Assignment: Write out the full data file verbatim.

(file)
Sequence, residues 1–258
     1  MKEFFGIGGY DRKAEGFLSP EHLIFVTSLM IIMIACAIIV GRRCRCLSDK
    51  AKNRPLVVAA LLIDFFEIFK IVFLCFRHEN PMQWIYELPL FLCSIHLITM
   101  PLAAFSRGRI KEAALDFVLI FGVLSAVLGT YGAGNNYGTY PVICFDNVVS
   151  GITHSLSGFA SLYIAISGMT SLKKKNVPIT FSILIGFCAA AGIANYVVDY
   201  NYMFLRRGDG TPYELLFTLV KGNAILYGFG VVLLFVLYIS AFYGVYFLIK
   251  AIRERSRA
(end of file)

Sequence, residues 1–258
     1  MKEFFGIGGY DRKAEGFLSP EHLIFVTSLM IIMIACAIIV GRRCRCLSDK
    51  AKNRPLVVAA LLIDFFEIFK IVFLCFRHEN PMQWIYELPL FLCSIHLITM
   101  PLAAFSRGRI KEAALDFVLI FGVLSAVLGT YGAGNNYGTY PVICFDNVVS
   151  GITHSLSGFA SLYIAISGMT SLKKKNVPIT FSILIGFCAA AGIANYVVDY
   201  NYMFLRRGDG TPYELLFTLV KGNAILYGFG VVLLFVLYIS AFYGVYFLIK
   251  AIRERSRA